Oh we love, love, love Chairman Mao!
      He's our saviour, our martyr, moral compass and soul
      We dream about him with each rice bowl!
      All the time he took, writing his little red book
      How much better he was than that old KMT schnook
      Oh, we love, love, love Chairman Mao and howwwww!

      unity to learn the weaknesses of western systems to build better defences against attacks.

      • by jandrese (485)
        I always think it is weird when people applaud China for playing the long game, when so many of their policies seem focused on making them look explosive in the short term but crippling them in the long term. The One Child policy for instance has created an enormous glut of working age people with few dependents that will become a tremendous burden on the country when they reach retirement age. The One Child policy combined with traditional values is also creating a tremendous imbalance in the genders, wi
        • The One Child policy for instance has created an enormous glut of working age people with few dependents that will become a tremendous burden on the country when they reach retirement age.

          When you've got 1.3 billion people in a country the size of the US, overpopulation is a much bigger long term issue than having a high retiree/worker ratio for a while. If your productivity increases enough, a given number of retirees will actually be less of a burden on a smaller but more productive work force than they would be on a larger but less productive workforce. What do you think noodle robots are for?

          The One Child policy combined with traditional values is also creating a tremendous imbalance in the genders, with almost 20% more boys than girls born.

          That's a different story, though AFAIK the government's problem arises from an inability to stop

          • by jandrese (485)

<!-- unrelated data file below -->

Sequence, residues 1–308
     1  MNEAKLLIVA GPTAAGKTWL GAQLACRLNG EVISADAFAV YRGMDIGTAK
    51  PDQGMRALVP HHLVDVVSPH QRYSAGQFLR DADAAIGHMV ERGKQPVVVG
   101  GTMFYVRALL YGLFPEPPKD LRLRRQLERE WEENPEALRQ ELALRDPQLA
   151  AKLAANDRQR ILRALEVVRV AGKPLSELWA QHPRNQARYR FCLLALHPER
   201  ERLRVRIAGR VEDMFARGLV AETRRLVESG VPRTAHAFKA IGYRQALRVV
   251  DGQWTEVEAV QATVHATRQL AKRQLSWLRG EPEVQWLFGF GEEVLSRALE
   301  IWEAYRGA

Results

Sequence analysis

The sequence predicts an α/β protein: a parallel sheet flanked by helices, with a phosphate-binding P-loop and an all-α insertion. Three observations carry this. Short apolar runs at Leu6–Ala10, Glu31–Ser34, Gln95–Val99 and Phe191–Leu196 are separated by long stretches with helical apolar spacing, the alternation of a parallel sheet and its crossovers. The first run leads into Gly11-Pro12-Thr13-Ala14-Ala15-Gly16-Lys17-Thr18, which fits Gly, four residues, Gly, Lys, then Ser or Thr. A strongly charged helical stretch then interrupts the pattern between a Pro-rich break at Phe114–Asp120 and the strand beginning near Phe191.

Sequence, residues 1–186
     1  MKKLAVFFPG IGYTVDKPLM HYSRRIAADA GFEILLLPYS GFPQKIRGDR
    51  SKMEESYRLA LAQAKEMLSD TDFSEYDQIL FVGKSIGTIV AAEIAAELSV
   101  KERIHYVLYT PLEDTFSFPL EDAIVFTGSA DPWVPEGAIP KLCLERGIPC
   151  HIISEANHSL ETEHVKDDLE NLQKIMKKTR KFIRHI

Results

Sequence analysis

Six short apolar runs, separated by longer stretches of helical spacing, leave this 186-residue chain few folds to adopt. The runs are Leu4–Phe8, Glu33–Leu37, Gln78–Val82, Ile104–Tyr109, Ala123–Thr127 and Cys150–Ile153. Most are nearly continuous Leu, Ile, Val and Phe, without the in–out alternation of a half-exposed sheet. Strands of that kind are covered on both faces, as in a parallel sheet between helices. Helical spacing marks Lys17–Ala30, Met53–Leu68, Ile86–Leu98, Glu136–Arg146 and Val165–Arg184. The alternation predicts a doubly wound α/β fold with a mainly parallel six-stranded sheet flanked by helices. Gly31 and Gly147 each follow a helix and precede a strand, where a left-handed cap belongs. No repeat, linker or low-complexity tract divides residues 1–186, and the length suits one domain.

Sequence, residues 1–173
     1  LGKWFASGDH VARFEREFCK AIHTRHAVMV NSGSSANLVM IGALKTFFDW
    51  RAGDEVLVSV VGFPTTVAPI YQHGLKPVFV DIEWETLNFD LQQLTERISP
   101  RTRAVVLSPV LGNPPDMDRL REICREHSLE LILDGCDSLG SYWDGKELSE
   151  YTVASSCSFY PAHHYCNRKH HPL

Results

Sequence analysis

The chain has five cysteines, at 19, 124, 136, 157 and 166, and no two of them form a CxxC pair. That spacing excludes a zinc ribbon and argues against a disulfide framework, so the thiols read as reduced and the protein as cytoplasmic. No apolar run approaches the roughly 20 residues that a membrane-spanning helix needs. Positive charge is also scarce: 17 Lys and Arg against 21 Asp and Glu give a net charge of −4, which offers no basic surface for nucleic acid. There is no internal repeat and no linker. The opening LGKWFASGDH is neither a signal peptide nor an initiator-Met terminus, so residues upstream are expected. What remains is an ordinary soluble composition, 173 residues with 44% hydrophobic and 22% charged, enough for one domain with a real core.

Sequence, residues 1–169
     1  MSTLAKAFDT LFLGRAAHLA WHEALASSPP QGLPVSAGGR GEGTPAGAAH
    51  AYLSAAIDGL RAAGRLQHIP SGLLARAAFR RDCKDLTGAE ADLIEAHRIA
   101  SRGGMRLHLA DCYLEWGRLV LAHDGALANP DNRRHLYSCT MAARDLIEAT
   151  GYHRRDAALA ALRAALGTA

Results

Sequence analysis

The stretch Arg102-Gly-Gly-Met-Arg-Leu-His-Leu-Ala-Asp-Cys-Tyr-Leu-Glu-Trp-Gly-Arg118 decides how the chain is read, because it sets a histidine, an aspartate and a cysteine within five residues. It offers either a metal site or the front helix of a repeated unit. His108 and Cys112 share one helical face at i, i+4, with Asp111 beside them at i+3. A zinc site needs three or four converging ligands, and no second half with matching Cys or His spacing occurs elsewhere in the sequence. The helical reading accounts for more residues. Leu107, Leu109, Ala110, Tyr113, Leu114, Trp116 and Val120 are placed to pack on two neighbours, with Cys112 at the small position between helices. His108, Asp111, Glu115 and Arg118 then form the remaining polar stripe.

China has a lot of people, but it also has a lot of land area. The population density of China is 365 people per square mile, which puts it nowhere near the top worldwide. Compare this with Italy at 512 people per square mile or Germany at 609 people per square mile or the UK at 650 people per square mile. Neighboring Taiwan is all the way up at 1,849 people per square mile.
      • unity to learn the weaknesses of western systems to build better defences against attacks

        Why bother? Big countries more readily destroy themselves than they can be attacked from the outside. That's how the US won the Cold War. Truman announced a containment strategy and eventually the USSR just imploded. Takes longer but it gets a lot fewer people killed that a hot war.

        The US is happily destroying itself with its short-term self-parasitic thinking. Undoubtedly China will find a way to destroy itself from within (as it has many times in the past).

  • What part of Nigeria is China in?

  • But their robots make a fine bowl of noodles!
  • What do all of these network/data breaches say about the overall state of security of connected systems? Regardless of who is behind them, all can't be blamed on mismanagement.
  • Serious question.
    Any takers?

  • by nimbius (983462) on Tuesday April 23, 2013 @03:08PM (#43528347) Homepage
    was divided among local, state and federal government in their tireless quest to shit all over the middle east and shred the constitution.
    • Hey, from my observation, the middle east is quite capable of sh!tting all over itself without our assistance.

      And thanks for explaining why my state and local governments can't even come up with the money to fix potholes -- they're spending it all shredding the Constitution and sending the rest to Israel!

      --
      Good people go to bed earlier.
      (really good people take their meds *every* night!)
  • How many companies in the US have branches in China? How many of those put any kind of firewalling, other than any-any in the VPNs connecting those branches? Yup.

  • Just because they are siphoning up and stealing our tech secrets doesn't mean they don't love us.

    Or at least our money.

  • Block all of China? (Score:5, Interesting)

    by Anonymous Coward on Tuesday April 23, 2013 @03:29PM (#43528581)